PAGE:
Published: August 5, 2008
Jean Sinenberg’s Prestige Shows filled the Bridgehampton Community House with exhibitors offering early home furnishings, antiques for the garden, jewelry and fine art. There were also dealers offering antique Persian rugs and even some fine vintage fashion accessories for the 17th annual Hamptons Antiques Classic & Design Show & Sale held July 10‱3.
The lobby of the 100-year-old Community House was occupied by The Chinese Art Gallery from New York City with a collection of fine Asian art. Offerings included Asian porcelain and earthenware in many usable forms, including urns, vases and food service pieces. There were also fine ceramic art-crafts from the last five centuries, and some late Eighteenth and Nineteenth Century furniture.
Sharing the entryway was Georgica Creek Antiques, Sinenberg’s full-time antiques shop in nearby Wainscott. Her inventory, built up over her nearly 40 years in the business, is vast and varied with furniture from Georgian to Art Deco and Modern. Sinenberg said, “The market here in the Hamptons is dominated by the demand for the fine furniture from these later periods, but the customers still have a desire for some of the early period pieces.”
She exhibited an early Continental mirror over a late pier table with art carved dogs and an ottoman. She also offered a silver gilt foo dog, which was about 4 feet tall. Clearly she was offering something for all the varied desires of her clientele.
Just inside the main room were two dealers with confusingly similar names: Mantiquities from Wainscott and Mantiques Modern from New York City. Mantiquities is the business of Dennis Berger, whose specialty is early clocks. His work includes refurbishing them to good working order, as well as selling them.
Mantiques Modern, on the other hand, comprises three business partners who were offering a variety of art objects. A table modeled from a wallpapering worktable †but with chrome legs and marble top †was their centerpiece, along with chairs in bright metal and upholstered cushions.
Gail Ensinger came to the show from her home in Surfside Beach, S.C., with a collection of furniture and art. Hanging on the back wall of her exhibit was a flat Buddha from Thailand, carved or formed in wood and covered in gold leaf. It was priced at $2,995. Next to it was a pair of carved sandstone windows made in a decorative style. They probably served as ventilation for some ancient building in India, but now are used as attractive table pieces, for $395 each.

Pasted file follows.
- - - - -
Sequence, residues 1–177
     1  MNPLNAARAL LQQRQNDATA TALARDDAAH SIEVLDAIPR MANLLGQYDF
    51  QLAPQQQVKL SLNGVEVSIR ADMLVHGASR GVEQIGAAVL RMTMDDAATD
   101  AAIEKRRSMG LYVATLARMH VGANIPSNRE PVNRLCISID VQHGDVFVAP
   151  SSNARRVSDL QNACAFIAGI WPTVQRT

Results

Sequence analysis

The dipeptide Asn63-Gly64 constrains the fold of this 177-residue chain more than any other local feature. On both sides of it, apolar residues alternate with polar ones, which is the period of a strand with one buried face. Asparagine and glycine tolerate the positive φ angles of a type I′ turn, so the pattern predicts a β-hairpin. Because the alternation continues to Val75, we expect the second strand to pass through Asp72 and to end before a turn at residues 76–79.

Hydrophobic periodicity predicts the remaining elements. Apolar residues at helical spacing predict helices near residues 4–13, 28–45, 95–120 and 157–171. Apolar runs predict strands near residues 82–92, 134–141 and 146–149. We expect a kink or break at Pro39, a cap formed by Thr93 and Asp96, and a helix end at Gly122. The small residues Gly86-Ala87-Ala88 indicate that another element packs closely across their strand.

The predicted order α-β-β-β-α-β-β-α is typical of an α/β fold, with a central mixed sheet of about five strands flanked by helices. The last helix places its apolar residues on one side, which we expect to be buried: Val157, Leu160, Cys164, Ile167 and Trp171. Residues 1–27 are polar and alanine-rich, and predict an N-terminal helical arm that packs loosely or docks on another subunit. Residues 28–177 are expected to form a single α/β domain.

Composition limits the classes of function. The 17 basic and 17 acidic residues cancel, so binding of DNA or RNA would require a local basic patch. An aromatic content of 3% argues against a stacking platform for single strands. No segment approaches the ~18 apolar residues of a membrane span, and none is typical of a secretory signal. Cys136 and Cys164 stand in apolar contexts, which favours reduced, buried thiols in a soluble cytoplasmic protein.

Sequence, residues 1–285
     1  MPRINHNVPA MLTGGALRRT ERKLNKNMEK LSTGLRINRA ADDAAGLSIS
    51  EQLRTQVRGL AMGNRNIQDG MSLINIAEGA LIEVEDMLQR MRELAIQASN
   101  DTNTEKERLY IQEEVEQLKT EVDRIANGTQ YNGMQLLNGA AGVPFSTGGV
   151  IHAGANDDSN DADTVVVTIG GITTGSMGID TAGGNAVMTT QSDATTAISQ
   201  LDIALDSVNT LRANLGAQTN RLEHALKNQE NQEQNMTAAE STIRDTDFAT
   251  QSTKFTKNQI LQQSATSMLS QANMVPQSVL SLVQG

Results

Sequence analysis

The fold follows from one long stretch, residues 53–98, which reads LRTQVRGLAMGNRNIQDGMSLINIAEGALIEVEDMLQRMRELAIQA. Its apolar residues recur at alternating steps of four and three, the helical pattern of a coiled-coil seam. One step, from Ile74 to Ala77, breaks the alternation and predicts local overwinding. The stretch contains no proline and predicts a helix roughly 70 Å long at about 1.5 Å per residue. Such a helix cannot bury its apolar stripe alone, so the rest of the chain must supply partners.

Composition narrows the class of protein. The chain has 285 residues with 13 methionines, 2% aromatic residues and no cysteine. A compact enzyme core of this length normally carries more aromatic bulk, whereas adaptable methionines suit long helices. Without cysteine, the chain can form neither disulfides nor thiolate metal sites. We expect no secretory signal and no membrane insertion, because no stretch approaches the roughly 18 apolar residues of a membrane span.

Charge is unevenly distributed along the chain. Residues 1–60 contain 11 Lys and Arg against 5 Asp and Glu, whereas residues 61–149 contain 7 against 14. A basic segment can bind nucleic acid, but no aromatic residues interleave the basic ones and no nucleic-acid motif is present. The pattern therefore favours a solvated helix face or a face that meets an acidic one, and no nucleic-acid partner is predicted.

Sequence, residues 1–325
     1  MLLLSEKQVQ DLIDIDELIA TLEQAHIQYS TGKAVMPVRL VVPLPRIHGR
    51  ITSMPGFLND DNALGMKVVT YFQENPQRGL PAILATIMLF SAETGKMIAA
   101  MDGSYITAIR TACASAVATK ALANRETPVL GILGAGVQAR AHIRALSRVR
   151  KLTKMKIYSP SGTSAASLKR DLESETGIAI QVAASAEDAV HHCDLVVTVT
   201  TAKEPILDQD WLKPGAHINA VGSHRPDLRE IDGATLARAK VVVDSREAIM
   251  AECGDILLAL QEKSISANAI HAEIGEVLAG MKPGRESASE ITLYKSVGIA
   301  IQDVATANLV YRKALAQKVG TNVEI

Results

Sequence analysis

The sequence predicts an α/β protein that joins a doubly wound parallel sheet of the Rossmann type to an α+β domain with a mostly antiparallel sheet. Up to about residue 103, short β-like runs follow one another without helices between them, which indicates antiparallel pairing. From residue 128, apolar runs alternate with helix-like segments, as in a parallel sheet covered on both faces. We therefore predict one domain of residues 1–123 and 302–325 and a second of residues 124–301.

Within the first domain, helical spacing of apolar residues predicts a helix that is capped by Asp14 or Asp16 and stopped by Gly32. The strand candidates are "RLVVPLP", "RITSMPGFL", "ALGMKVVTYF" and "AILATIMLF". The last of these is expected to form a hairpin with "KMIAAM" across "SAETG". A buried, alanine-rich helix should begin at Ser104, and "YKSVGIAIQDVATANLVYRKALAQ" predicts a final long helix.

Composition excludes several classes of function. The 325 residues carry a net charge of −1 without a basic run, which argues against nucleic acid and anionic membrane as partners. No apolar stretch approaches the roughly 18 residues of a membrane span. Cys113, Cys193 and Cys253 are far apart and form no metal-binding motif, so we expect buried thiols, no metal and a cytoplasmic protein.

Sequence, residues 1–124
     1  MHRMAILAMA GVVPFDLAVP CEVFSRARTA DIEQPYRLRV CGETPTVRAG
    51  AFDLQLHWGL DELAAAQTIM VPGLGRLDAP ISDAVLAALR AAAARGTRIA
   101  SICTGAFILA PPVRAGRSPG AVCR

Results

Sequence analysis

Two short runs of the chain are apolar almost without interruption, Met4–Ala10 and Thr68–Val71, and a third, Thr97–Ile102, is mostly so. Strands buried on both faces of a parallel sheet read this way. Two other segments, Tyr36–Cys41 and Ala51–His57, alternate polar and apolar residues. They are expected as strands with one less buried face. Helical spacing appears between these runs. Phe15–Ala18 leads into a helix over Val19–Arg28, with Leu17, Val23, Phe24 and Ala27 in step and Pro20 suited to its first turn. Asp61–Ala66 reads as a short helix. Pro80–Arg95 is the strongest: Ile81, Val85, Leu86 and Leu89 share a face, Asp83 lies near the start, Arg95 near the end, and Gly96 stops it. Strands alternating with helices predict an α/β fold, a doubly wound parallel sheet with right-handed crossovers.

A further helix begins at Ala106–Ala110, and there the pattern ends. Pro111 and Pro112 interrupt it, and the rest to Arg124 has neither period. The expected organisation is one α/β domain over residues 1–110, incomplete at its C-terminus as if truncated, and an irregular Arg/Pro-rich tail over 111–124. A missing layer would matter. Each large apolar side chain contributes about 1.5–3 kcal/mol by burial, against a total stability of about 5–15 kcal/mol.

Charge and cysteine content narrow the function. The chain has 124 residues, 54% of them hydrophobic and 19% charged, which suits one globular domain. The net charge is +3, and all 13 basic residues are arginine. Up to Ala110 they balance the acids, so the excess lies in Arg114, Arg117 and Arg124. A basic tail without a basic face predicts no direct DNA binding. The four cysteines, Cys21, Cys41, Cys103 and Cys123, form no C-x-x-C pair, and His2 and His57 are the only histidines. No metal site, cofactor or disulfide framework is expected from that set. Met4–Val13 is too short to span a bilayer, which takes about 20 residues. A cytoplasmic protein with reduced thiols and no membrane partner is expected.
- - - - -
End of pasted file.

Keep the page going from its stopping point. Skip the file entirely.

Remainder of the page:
Peter Nee, Middleburg, Va., had a house in the Hamptons for the weekend, although it was too small for him to occupy. It was a very attractive Nineteenth Century dollhouse he was offering at the show.
There were flying carpets in Stolp Fraser’s exhibit; at least they flew once, from his source in Turkey to his East Hampton, N.Y., home. Fraser has a second home in Turkey, where he finds most of his collection.
Big sales were recorded by Antiques and Modern Design of Miami. Its collection was primarily Twentieth Century with accessories and fine art filling the largest exhibit in the show. Joe Collins and Tina Hunsinger have been partners in the business and exhibitors at the show for many years, according to Sinenberg, who added, “Their sales were very good.”
Just down from the stage Maurice de Montfalcon was offering a collection of fine small antiques and art. There was a Sheffield plate tea caddy, Georgian period, made with an undertray attached and priced at $375. He was also offering an obelisk, in marble with gold metal decoration signed by the L.C. Tiffany Studios, and many other small antique art objects from his New York City collection.
Robin Rice has an open gallery in Manhattan for the fine art she offered at the show. Gioia, of Southport, Conn., was selling antique and vintage handbags practically as art, and Ellen Nathanson, Amagansett, N.Y., was selling fine art from her collection.
Many of the show’s dealers have been loyal to this market for many years. Court Talmage, from nearby Westhampton, N.Y., has been exhibiting at Sinenberg’s shows for at least 25 years and at this show for all 17 years. His inventory was a mixture of classical antiques and Twentieth Century décor and he had sales in all genres. There was a primitive butcher’s table †long, narrow and tall †which sold; also an iron trolley, as he called it, and a variety of small accessories that become conversation pieces in the upscale Hamptons homes.
Look for Talmage and his collection at Sinenberg’s 42nd annual Original Hampton’s Summer Antique Festival and Sale, August 21′4, also held at the Bridgehampton Community House. Sinenberg also has the outdoor show at Mulford Farm, East Hampton, August 2. More details are available at www.hamptonsantiques.com or 631-537-0333.
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